The Suns current and ongoing problems are simple to identify but really tough to fix.
First, let’s start with what ARE NOT problems for the Suns.
Monty Williams is not the problem for the Suns. Is Monty Williams a masterful tactician a la Gregg Popovich or Erik Spolestra? No, but he’s also not clueless like Earl Watson was. We’ve seen bad coaches in Phoenix. We’ve seen more than we care to remember. Monty Williams is not a bad coach.
His strengths are as a communicator, as a motivator and a culture builder. His system works because Chris Paul and Devin Booker make it work. His bench rotations are clunky and his system can be predictable but Monty is not anywhere near being a problem for the Suns.
Neither is Devin Booker. For some reason, some Suns fans have taken their frustrations out on Devin Booker this season. Prior to his ankle injury, Booker was an MVP candidate and playing with the kind of confidence that can only come with back to back playoff runs. Devin Booker is not a problem for the Suns.
The biggest problem for the Suns is their lack of depth. This was true in July and its even more true now in December. With Jae Crowder’s team sponsored holdout/paid vacation, the Suns have zero real NBA depth against quality teams.
The Celtics quickly exposed this and the Pelicans did as well over the weekend.
Even if we assume a healthy Cam Johnson will be returning soon, the Suns depth problems don’t disappear when Cam is back. They need size. They need play making. And they need both to make another championship run.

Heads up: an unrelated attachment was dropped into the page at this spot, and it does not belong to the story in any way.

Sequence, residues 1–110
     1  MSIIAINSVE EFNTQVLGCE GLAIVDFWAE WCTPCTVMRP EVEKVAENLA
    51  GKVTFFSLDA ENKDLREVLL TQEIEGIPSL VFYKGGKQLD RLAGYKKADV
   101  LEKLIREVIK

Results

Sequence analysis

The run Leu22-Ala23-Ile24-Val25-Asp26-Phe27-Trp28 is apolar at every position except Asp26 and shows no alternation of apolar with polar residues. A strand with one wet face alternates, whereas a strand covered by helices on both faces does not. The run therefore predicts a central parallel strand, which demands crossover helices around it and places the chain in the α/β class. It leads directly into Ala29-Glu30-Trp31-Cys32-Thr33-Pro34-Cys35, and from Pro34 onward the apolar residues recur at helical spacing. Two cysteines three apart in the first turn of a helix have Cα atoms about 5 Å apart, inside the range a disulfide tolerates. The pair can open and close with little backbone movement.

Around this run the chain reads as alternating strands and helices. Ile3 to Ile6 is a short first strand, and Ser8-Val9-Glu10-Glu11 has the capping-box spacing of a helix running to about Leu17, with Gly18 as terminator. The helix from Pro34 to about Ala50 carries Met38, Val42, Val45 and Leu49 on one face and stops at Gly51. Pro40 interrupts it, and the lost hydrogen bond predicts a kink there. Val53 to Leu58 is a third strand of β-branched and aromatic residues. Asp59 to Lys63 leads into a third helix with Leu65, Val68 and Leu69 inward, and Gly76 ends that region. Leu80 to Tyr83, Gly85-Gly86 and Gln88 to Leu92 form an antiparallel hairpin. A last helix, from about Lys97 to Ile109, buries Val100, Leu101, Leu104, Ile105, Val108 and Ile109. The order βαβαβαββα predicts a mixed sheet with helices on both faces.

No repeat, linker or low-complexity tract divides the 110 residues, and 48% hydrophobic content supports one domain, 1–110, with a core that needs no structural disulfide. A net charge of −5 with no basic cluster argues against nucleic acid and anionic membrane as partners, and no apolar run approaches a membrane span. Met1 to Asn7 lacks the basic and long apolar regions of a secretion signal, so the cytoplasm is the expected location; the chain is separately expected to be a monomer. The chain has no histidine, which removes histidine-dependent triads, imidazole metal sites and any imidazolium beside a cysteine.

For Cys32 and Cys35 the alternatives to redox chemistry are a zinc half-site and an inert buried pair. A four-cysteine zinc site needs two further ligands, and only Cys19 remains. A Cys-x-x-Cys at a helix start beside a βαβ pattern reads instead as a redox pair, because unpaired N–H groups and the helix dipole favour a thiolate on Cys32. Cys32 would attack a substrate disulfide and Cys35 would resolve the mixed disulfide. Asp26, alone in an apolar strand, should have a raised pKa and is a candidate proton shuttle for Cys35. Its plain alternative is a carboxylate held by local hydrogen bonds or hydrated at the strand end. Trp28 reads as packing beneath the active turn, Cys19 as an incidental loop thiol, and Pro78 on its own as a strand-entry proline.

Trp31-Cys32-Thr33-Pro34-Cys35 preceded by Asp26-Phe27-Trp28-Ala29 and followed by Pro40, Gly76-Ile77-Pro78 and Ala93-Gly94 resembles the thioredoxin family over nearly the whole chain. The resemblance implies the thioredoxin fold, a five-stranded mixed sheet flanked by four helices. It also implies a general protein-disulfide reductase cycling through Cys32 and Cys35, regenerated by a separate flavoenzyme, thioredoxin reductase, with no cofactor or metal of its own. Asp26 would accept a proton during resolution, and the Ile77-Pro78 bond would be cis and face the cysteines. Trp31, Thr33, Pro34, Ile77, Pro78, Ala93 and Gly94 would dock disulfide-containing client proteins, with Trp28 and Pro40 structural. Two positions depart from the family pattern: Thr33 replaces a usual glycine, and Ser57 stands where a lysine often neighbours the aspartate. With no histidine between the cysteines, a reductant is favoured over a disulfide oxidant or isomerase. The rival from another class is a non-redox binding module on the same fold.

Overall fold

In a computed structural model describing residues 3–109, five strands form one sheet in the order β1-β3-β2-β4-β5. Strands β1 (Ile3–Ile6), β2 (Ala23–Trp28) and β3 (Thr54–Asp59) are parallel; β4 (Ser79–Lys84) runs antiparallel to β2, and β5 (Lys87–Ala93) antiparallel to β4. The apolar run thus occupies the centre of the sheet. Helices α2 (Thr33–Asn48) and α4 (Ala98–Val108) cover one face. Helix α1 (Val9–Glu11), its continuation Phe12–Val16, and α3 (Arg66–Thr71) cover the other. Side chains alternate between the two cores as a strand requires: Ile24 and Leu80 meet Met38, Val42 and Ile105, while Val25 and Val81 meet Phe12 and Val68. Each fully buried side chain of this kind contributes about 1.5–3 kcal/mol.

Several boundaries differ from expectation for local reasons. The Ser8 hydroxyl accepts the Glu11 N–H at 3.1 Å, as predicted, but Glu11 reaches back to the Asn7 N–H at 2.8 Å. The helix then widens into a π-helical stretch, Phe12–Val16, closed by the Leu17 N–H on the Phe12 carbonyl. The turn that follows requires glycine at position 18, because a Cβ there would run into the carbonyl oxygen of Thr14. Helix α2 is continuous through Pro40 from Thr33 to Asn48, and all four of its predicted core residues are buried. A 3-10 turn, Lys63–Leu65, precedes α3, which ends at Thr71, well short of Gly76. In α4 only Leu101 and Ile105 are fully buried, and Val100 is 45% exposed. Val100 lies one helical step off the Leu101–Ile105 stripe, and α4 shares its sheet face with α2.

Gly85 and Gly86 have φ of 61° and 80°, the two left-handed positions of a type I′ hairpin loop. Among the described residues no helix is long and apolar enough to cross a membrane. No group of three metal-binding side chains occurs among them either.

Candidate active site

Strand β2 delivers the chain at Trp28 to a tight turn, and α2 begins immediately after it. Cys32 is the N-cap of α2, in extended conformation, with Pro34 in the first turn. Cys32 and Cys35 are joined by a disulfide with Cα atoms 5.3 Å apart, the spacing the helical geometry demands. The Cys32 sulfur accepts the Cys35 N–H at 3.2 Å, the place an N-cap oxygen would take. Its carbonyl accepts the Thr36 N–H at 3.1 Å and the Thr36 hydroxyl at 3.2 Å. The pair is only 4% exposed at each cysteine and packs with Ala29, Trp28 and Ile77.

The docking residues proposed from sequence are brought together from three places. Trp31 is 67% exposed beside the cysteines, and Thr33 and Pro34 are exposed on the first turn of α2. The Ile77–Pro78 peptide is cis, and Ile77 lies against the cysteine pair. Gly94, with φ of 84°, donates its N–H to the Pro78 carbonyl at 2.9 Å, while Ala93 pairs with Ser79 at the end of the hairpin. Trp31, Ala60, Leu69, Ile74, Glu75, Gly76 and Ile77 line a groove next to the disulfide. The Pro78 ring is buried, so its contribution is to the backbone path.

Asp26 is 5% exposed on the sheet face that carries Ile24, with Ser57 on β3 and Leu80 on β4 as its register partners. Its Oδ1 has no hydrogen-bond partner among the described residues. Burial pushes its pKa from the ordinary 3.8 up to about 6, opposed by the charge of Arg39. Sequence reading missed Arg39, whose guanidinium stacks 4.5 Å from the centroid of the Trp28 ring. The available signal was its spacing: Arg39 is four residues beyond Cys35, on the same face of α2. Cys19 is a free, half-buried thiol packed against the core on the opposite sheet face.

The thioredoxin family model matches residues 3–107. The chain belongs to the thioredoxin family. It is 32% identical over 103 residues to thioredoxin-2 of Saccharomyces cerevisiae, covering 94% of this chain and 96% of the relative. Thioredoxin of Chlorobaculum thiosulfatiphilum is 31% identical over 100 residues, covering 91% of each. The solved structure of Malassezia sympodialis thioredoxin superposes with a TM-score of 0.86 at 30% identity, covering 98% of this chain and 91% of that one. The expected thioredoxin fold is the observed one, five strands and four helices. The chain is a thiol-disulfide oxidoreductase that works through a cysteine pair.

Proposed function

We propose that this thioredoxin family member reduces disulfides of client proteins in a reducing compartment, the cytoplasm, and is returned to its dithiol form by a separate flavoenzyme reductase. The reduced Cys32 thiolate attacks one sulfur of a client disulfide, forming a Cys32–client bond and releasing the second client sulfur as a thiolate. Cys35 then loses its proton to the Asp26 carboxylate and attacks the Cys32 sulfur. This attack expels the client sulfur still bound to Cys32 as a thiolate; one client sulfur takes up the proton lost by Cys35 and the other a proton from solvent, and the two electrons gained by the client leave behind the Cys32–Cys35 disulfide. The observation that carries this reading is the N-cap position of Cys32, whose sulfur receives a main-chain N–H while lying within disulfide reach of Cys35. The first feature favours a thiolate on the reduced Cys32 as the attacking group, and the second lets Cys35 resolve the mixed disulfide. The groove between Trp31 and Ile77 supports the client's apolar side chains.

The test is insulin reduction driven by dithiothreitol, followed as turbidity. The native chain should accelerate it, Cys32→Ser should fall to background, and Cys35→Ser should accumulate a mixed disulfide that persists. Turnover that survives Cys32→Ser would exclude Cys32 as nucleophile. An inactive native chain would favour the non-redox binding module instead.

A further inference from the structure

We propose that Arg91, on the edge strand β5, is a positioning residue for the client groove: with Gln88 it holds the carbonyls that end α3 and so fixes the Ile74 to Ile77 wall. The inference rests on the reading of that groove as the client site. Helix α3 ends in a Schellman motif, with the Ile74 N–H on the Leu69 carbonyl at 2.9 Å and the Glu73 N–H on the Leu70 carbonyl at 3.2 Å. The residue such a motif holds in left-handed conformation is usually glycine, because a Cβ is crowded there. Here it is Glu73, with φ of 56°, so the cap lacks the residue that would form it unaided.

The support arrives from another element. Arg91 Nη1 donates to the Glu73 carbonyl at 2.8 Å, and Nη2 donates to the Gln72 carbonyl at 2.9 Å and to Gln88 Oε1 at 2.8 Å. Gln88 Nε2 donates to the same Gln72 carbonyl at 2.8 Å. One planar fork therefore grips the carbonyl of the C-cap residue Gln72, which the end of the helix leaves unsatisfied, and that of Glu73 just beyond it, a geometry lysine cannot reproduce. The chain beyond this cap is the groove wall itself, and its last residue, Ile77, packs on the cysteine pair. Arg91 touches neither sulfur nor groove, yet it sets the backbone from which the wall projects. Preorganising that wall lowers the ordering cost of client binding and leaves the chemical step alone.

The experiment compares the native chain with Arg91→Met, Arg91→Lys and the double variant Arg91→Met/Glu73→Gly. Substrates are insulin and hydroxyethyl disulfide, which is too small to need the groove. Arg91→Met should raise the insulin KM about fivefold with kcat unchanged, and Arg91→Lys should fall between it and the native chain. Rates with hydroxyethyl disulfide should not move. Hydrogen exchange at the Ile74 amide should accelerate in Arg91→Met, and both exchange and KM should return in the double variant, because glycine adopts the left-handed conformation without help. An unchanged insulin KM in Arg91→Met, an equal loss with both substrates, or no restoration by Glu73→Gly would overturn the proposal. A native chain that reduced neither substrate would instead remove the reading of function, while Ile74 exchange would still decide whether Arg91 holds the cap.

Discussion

Could they find the solution in the trade market?
Would Kyle Kuzma’s rebounding upgrade the starting lineup and give the Suns the luxury of moving Cam Johnson back to the bench? Probably.
Could Eric Gordon/Kenyon Martin Jr. reignite the Suns championship hopes? They’d certainly make this team better.
How about Alex Caruso?
The answer is yes to virtually every trade where the Suns are giving up Crowder, salary fillers and picks and getting back a top 6 rotational piece.
But here is the real problem: the Suns don’t have an owner.
Can they take on salary? Can they trade picks? How much salary can they take on? Who makes that call? How will it impact the sale?
All of these questions are unanswered for now.
So here we are, right back to where it all began for the Suns struggles: ownership is holding this team back.
Suns fans have waited 18 long years for a new owner and the wait is almost over but the next four months could be the toughest yet.